Ronald Chandler, Ph.D. received his B.S. in Biology at Tennessee Technological University, Cookeville, Tennessee, and his Ph.D. in Molecular Physiology and Biophysics from Vanderbilt University, Nashville, Tennessee.
He was awarded a prestigious postdoctoral fellowship from the American Cancer Society to pursue postdoctoral research in the Laboratory of Dr. Terry Magnuson and Department of Genetics at the University of North Carolina at Chapel Hill. His research focuses on the tumor suppressor roles of the SWI/SNF chromatin-remodeling complex using molecular genetics and biochemical approaches in mice. He was also awarded an Ann Schreiber Mentored Investigator Award from the Ovarian Cancer Research Fund to support his new research endeavors in the area of chromatin structure, epigenetics and gynecologic cancer.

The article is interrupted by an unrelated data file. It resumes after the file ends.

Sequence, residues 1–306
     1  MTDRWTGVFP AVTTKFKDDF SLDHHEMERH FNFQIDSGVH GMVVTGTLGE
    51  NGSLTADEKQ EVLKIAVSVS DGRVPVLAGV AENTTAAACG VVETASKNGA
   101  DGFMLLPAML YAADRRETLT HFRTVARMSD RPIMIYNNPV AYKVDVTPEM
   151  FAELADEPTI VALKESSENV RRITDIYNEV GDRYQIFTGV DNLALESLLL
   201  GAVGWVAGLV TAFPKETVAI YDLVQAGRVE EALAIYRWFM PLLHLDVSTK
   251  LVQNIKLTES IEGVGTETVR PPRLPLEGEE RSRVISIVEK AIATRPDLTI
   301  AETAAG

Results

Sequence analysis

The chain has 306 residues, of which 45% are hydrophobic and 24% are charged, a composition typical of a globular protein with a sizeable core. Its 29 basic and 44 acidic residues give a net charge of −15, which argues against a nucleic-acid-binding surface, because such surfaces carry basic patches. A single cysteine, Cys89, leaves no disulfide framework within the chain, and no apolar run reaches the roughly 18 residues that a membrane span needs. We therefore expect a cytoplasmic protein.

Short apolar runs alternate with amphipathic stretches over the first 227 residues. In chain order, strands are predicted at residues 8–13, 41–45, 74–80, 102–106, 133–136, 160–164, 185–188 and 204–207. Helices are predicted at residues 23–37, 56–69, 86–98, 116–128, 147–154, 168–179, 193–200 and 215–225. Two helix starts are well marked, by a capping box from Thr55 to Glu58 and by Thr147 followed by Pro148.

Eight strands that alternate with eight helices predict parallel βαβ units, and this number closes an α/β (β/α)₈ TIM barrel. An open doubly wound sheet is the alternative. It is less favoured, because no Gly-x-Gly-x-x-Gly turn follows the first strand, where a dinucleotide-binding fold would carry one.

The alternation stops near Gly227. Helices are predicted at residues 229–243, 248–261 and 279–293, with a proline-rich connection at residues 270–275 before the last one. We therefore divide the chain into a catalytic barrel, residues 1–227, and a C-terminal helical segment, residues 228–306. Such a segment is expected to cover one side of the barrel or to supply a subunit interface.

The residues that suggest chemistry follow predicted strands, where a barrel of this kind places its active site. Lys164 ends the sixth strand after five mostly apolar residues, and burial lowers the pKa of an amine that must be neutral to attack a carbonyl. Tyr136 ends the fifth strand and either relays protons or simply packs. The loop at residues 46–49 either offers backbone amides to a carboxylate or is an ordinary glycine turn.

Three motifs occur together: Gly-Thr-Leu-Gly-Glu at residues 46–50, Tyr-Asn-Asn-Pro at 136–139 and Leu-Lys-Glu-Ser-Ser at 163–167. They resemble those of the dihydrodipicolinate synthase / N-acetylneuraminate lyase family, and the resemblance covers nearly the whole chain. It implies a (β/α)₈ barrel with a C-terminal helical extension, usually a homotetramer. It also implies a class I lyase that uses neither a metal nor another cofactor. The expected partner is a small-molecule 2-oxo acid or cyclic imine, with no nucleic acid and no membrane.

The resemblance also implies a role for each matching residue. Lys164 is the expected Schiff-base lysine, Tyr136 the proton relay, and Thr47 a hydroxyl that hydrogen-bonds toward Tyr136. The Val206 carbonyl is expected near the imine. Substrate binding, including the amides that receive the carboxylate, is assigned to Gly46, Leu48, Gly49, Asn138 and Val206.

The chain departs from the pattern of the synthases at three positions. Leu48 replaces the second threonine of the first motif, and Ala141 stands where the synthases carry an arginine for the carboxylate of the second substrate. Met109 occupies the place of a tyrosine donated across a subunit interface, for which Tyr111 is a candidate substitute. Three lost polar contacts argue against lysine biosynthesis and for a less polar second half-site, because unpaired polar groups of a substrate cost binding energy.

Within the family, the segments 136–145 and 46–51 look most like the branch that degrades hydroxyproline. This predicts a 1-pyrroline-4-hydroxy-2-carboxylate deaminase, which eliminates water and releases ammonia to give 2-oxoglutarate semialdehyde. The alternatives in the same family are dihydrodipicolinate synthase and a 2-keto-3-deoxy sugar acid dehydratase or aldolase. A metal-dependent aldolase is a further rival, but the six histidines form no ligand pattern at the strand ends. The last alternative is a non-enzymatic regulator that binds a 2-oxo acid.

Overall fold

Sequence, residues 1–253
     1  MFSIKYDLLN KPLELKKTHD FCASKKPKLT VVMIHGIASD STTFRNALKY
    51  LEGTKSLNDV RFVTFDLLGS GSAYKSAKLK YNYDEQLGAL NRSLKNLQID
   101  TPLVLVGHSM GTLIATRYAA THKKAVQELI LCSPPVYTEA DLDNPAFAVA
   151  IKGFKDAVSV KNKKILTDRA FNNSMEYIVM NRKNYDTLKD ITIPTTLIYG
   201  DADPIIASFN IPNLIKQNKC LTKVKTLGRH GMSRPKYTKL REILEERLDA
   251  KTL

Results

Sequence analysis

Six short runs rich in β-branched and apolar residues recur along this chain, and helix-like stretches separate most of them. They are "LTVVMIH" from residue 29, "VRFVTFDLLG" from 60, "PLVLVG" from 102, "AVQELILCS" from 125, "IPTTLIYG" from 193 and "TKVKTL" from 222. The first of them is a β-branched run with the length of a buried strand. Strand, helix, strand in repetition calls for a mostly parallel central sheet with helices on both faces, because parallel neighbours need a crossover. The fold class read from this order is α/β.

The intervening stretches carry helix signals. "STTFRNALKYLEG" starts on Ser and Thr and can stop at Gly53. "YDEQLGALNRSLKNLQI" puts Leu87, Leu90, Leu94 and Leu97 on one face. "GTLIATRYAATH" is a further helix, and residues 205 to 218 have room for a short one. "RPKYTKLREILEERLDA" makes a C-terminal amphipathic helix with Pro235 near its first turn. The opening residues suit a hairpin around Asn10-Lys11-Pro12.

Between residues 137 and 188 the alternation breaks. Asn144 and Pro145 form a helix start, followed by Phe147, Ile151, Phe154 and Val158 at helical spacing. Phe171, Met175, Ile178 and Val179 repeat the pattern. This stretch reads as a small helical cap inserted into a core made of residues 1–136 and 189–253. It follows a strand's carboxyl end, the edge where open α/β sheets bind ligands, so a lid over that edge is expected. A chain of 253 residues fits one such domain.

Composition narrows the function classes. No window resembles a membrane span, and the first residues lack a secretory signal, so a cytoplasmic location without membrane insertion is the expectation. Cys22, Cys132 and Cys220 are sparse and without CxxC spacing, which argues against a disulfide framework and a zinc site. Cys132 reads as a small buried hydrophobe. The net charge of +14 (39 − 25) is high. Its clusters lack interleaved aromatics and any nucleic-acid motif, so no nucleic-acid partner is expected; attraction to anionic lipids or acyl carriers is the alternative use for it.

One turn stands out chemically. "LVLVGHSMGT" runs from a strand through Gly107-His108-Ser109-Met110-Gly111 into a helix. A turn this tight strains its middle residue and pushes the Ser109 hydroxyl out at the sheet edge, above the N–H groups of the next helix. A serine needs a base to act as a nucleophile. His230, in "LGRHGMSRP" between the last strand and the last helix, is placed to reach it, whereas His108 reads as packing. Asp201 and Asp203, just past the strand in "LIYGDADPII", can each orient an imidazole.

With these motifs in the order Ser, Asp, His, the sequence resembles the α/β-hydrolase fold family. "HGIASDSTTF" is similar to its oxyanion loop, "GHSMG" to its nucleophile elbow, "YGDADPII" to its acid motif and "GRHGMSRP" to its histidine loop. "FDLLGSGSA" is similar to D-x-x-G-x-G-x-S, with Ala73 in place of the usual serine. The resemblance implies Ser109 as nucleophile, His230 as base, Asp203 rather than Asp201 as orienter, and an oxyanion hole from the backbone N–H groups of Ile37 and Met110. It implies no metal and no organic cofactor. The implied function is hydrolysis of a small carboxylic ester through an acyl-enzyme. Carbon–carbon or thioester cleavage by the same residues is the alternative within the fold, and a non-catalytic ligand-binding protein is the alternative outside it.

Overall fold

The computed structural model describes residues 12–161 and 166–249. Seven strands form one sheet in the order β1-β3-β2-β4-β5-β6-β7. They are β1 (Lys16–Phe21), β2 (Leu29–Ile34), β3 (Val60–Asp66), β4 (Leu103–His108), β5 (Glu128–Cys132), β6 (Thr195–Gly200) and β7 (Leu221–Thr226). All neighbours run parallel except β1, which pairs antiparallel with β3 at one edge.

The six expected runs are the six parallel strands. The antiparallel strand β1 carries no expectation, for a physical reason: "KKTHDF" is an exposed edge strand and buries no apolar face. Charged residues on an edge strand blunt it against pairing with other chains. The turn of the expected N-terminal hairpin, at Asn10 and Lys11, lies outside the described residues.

The long-term goals of Dr. Chandler’s research are to elucidate the molecular and cellular events required to maintain cellular homeostasis in the female reproductive tract and to determine how these processes go awry in inflammation-associated gynecologic diseases and associated cancers. Dr. Chandler’s current research focus involves a SWI/SNF subunit called ARID1A and a newly discovered finding linking ARID1A and PI3-kinase signaling pathway mutations to ovarian tumorigenesis and pro-tumorigenic inflammatory cytokine signaling. Dr. Chandler aims to provide a broader mechanistic understanding of how cells and tissues within the human female reproductive tract cope with repeated cell turnover, stress and inflammation.